Rethinking Lifestyle


  • Eric Rempel, Blog Coordinator
  • Advicate, South Eastman Transition Initiative

The question of downtown parking in Steinbach has come up again, as it does periodically. The focus of the discussion is, how many free parking spaces are needed. An assumption basic to this discussion is that we all should be able to park freely and conveniently close to our destination at any time. In this article I want to challenge the validity of this assumption.

Why do we assume that parking should be free for us when, in fact, there is no such thing as free parking. It’s a cultural expectation! The land devoted to parking has value, and someone paid for it. The parking area needed to be developed, and the area needs to be maintained. I don’t have figures for Steinbach, but the City of Toronto considers the capital cost of one surface parking space to be $15,000, and the annual cost of maintaining that space to be $1,400. Of course land is cheaper in Steinbach, so the capital cost will be lower, but I see no reason why the maintenance cost would be lower in Steinbach. There is no free parking, and the owner of the car occupying the parking space does not pay for it. So the taxpayer pays or the customer of the business maintaining the parking pays. “Free” parking is, in fact, a subsidy to car owners and an incentive to folks to use their car. Is this really what we want?

Donald Shoup, in his book “The High Cost of Free Parking” contends that many of the woes associated with our car culture can be linked directly to the lack of rational attention to parking. More specifically, he argues that the oversupply of free parking (he estimates 99 percent of parking in the U.S. is free) is an enormous public subsidy that makes driving less expensive than it should be, further skewing travel choices. In fact, transportation suffers from the “tragedy of the commons” relative to parking. (The tragedy of the commons applies to all free and un-owned resources and is most acutely observed with regard to fisheries. Zoning requirements for overly-abundant off-street parking and failure to charge appropriately for curb parking result in extra air pollution, higher oil consumption, traffic congestion, and sprawl. Less obviously, parking requirements increase the cost of housing, as well as goods and services. For urban areas, Shoup summarizes these effects quoting Mumford: “The right to have access to every building in the city by private motorcar in an age when everyone possesses such a vehicle, is actually the right to destroy the city.”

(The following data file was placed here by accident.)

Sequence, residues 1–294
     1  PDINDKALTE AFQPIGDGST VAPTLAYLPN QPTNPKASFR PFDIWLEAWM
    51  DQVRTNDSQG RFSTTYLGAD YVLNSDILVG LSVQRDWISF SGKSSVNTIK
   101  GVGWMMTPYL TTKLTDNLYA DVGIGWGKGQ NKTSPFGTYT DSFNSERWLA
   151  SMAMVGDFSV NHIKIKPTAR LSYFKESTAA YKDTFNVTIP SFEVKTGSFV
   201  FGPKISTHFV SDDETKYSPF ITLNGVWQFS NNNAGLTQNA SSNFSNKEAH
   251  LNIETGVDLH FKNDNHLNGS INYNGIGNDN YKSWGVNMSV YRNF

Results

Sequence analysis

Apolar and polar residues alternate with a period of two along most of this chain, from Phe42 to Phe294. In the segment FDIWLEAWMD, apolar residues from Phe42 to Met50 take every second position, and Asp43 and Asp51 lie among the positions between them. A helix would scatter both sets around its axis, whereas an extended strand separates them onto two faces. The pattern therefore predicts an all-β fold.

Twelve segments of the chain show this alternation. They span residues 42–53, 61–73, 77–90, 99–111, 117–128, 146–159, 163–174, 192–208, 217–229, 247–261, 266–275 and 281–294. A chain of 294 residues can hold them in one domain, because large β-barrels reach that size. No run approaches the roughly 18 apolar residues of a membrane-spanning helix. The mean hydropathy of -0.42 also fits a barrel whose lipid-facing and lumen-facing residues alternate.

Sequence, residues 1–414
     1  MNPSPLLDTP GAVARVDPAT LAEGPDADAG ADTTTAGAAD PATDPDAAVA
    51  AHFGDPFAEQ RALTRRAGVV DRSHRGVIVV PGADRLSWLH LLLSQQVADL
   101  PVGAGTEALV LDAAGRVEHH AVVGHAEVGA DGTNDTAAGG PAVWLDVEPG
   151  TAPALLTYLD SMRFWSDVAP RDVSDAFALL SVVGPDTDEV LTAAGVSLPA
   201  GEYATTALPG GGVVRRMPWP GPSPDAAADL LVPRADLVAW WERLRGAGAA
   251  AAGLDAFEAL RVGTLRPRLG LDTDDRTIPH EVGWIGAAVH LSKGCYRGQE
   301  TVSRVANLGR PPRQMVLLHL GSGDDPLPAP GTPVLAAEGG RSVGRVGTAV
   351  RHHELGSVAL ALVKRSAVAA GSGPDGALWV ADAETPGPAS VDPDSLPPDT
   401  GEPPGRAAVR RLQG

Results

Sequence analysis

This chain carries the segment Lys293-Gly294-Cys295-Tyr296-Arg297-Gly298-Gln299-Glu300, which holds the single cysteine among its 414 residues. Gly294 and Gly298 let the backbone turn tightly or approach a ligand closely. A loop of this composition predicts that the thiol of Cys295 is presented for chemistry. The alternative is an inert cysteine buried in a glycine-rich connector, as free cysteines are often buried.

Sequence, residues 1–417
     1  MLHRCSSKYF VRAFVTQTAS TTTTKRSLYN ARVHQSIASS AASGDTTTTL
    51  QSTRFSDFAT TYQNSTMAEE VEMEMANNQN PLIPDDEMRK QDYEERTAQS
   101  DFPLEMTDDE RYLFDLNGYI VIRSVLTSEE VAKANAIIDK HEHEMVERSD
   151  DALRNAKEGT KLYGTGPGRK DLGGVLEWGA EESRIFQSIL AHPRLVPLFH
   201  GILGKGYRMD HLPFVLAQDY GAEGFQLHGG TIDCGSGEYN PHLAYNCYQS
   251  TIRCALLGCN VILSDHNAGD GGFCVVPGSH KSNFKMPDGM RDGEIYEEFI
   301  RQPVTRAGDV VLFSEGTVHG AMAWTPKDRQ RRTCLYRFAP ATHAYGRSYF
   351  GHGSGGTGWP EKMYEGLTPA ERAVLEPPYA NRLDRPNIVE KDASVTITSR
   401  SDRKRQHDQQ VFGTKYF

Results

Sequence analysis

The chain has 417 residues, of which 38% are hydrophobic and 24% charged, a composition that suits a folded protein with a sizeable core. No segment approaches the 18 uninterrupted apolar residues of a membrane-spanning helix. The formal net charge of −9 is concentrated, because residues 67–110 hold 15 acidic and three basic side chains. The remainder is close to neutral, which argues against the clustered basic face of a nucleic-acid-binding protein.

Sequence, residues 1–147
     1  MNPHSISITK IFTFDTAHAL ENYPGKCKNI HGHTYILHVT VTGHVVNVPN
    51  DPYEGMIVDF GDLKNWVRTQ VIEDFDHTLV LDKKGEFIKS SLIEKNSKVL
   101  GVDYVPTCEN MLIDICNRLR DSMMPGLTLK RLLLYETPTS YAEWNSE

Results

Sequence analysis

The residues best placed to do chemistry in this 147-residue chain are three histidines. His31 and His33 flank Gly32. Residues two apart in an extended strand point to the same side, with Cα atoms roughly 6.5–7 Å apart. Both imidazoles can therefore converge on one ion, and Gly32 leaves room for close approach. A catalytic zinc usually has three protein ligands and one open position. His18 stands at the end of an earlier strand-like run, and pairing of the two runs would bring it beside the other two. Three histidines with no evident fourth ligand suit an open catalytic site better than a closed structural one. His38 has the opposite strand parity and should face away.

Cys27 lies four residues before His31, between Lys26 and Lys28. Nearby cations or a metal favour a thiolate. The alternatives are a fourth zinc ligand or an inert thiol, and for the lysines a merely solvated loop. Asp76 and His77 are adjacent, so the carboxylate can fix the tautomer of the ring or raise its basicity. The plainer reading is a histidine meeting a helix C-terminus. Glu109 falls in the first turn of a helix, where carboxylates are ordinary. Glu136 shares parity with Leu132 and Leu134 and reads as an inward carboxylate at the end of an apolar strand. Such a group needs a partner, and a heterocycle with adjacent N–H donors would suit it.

In my opinion Steinbach City Council has shown significant, good leadership in persuading the Credit Union to remain downtown and to plan for the megaplex to be downtown. But having these two significant undertakings downtown now raises the parking question. We are now seeing space previously devoted to housing or business now being turned into paved parking. There is even talk of a parking garage. Is this what we really want? Is this necessary? Can we turn the question from “How can we ensure enough parking?” to “How can we restrict cars from our commercial area without restricting people?”

What effect would it have on our city if we had metered parking throughout the commercial areas? On street (city owned) parking would be metered, and businesses would be required to charge for parking as well. With the technology available today, this is easily done. The immediate effect would be that all of us would think twice before we would take our car to the commercial area, whether because we work there, or we shop there. We would be more apt to walk, or take the bicycle. That in itself has its benefits. But it would also reduce the demand for parking in the commercial areas. The city as a whole would devote less space to parking. As the city would adjust to this new reality, gradually the pavement would give way to more exciting things like actual businesses providing serves and goods, as well as more green space. Surely it would become more the kind of city we all want.